There's no doubt that journalism is at a crossroads. It seems like we've been here for a while, but it has really become far more dire in only the past few years. It used to be that journalism was something seen as a public service. At least in the early days of radio and television, news was something that the network or station did out of the public good, not as a part of it's bottom line. Needless to say these days have long past. Now news is just as much about revenue as it is about truth.
Have you ever seen the movie Network? It showed us where we were headed with television news. Nowadays they say if it bleeds it leads, and in many cases that's all there ever is. Exciting news headlines meant to bring in the maximum number of eyes without worrying about the public interest or public good.
Furthermore, we find ourselves at a time when the number outlets has increased dramatically. Where there used to be three TV networks, a handful of national newspapers, and local outlets, there are now infinite 'news' sources available on the internet that can have the affect of questioning exactly what journalism really is.
Whether it is this need to entertain, or more recently " a deliberate attempt by the new US administration to, bit by bit, corrode its reputation and semiotically reposition it as “fake” and dishonest, says American video journalism pioneer Michael Rosenblum" there is no question that journalism is in a state of crises.
David Dunkley Gyimah, leader of the Digital and Interactive Storytelling LAB at the University of Westminster, writes about the future of journalism:
Ten years ago as featured in Journalism.co.uk, I was fortunate to be part of a loose movement of independents innovating within multimedia and digital. I won a US Knight Batten Award for Innovation in Journalism for work that the judges said ‘foreshadowed the future’, followed by an international award for video journalism in Berlin, documenting the UK’s first regional newspaper journalists I had trained to become video journalists on the Press Association’s scheme. Truth? I had ten years already to reflect from multimedia and videojournalim in 1994 with Channel One TV — the UK’s first station driven by multimedia and video journalism.
Both awards, by jurors comprising academics and journalists, acknowledged the diversity of stories, from a diversity of people i.e. BAME, wrapped around emerging technologies. Since then, journalism has been met with one brilliant technology after another, bringing new ways of reportage and dissemination across platforms. But there’s also traces of foreboding.
Techno-fetishism, which my colleague mooted in 1995 as invading the industry via cable and a nascent net (see here), has taken hold aggressively, whilst also subtly drilling into journalism’s core. This isn’t about anti-technology anymore than the death of craft skills, but as addressed in Carolyn Marvin’s brilliant 'When old technologies were new', sometimes it's commercialism that is the driver for building enterprises around tech. No sooner does the mobile phone emerge than a veritable confluence of third-party rigs and accessories launch.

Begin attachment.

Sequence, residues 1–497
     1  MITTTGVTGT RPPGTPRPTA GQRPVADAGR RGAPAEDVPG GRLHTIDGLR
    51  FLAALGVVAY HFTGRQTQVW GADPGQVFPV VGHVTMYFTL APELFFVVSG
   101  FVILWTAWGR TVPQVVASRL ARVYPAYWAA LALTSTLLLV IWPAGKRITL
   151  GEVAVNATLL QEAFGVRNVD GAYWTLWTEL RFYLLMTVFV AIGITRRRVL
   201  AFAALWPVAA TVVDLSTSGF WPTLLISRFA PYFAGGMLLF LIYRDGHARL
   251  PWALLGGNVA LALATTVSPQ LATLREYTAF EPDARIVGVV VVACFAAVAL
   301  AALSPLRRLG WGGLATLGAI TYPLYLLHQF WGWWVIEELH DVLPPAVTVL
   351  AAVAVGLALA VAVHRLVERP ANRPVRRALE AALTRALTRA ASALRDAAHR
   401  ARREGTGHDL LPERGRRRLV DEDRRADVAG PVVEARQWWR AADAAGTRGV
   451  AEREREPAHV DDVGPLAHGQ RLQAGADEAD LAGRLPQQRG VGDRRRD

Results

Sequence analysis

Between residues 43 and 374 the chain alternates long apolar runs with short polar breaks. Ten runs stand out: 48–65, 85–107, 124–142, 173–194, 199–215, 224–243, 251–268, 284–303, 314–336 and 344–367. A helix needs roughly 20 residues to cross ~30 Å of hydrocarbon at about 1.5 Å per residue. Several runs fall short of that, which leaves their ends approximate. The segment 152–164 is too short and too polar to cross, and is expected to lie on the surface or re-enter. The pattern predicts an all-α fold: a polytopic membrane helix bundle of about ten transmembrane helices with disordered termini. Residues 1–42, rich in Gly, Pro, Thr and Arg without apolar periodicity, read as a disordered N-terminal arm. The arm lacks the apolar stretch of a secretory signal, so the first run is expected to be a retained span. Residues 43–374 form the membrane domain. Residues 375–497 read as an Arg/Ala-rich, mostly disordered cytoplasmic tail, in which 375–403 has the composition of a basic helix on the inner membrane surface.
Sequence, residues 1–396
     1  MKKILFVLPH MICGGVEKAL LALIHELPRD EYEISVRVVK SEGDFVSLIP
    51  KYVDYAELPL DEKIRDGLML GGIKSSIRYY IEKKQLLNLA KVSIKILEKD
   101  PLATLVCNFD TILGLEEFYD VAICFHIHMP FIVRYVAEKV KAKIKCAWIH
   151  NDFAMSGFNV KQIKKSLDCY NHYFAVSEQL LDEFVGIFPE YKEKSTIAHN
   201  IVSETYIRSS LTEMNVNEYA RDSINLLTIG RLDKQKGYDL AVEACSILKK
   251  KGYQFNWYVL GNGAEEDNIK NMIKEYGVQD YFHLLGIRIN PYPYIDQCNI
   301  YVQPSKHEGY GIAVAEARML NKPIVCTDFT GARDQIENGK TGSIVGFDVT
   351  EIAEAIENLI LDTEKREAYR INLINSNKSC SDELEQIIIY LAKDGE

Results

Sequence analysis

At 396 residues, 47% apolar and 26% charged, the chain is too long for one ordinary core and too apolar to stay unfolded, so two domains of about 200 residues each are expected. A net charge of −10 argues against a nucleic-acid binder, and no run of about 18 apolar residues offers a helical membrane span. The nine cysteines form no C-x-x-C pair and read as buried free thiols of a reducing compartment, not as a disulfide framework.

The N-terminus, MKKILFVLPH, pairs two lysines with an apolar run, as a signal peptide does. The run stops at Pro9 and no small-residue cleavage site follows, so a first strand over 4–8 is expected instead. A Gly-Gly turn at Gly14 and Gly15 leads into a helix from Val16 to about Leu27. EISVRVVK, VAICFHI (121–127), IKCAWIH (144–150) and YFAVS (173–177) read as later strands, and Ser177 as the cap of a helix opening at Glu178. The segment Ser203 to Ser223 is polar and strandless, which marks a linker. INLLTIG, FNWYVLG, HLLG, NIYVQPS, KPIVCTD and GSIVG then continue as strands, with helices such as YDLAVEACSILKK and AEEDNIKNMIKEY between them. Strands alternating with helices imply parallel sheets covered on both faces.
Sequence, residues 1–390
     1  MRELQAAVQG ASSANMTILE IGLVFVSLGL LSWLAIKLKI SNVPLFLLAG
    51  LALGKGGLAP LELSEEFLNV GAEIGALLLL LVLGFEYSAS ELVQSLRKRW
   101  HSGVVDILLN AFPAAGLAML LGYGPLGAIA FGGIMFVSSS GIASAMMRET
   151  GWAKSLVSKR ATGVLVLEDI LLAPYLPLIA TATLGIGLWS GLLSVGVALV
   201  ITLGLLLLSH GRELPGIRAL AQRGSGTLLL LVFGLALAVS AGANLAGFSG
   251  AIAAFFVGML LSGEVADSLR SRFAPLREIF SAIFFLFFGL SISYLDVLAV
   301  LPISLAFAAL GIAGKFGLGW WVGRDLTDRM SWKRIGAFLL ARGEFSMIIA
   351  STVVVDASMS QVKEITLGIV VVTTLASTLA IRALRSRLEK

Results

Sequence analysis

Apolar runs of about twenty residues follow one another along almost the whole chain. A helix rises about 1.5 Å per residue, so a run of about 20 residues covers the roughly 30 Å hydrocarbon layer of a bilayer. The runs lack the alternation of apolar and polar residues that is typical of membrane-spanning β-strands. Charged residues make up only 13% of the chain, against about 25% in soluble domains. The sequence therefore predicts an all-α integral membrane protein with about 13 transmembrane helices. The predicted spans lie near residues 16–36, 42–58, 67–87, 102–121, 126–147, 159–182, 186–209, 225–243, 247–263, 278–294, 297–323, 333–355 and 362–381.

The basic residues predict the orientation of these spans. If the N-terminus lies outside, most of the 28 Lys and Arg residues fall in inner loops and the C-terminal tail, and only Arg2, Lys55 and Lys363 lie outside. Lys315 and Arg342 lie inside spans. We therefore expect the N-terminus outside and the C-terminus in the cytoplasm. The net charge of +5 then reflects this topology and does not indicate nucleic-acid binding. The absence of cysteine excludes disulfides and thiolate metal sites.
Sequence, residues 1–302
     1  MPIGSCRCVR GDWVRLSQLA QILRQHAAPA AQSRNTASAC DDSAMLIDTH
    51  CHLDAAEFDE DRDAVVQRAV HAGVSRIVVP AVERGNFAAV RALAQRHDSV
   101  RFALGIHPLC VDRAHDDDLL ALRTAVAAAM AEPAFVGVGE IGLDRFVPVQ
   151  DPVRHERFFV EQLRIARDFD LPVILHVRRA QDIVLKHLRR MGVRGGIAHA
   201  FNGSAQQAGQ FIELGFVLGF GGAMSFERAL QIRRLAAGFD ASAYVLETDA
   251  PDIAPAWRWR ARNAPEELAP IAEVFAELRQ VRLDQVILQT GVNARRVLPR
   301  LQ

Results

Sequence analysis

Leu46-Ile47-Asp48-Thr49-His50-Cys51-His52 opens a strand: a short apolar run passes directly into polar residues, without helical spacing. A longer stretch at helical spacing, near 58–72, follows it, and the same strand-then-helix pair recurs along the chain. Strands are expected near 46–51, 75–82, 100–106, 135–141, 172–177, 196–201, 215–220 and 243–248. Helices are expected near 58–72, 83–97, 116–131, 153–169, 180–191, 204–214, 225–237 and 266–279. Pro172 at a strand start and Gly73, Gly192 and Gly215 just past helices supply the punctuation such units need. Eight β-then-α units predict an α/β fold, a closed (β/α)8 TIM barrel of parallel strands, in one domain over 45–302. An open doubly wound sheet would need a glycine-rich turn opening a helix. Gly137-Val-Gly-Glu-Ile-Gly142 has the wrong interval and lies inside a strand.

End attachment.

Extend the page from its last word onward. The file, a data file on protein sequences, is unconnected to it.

Mobile has played an important part in journalism as a platform, capture and viewing device. You’ve no doubt seen the picture of the mobile phone 'frankensteined' out of its case to look bigger and more menacing than a shoulder-mount camera. Er, buy a bigger camera then? With 3D, the industry and consumers weren’t buying it. Now it’s VR’s turn for the big push. We await what happens.
No, the issue isn’t tech, but whether attention should be turned to examining areas closer to home at conferences. We can explore the stars, but the oceans have secrets we still just don’t know about.
Chasing squirrels, dead cats, and depth manipulators, as framed by Vance Packard’s classic 'The hidden persuaders', is giving journalism the run around. Sir Lynton Crosby devises a distraction, a dead cat, journalism appears moribund at holding its ground. If PR can dream up ever more fanciful campaigns based on their understanding of human psychology and behaviour, could journalism up its game by learning more about its adversaries, and how it could be more independent? Could it say 'no! That’s a dead cat'?
The impact is circular. What the industry wants is what graduates must acquire, which is what higher education must provide. How then can we capture the essence of 2005, not as recidivists but in innovating anew? Aleszu Bajak has written about how newsrooms are now investing in news labs. The New York Times, BBC, BuzzFeed are but a few which compliment a penchant for hackathons that bring like-minded people together.
It’s something that higher education could look at too: equipping students with new knowledge and add skills to impress future employers, to work in roles that, like in 2005, had yet to be created. The issue however, according to the editor of BBC News Labs Robert McKenzie, is that while the lab is about a team pushing new ideas by experimenting, it’s important to note that experiments don’t always work so well, or not at all. Furthermore, the Lab isn’t part of the mainstream news operation, but something unique, dedicated and separate.
Read the full article here.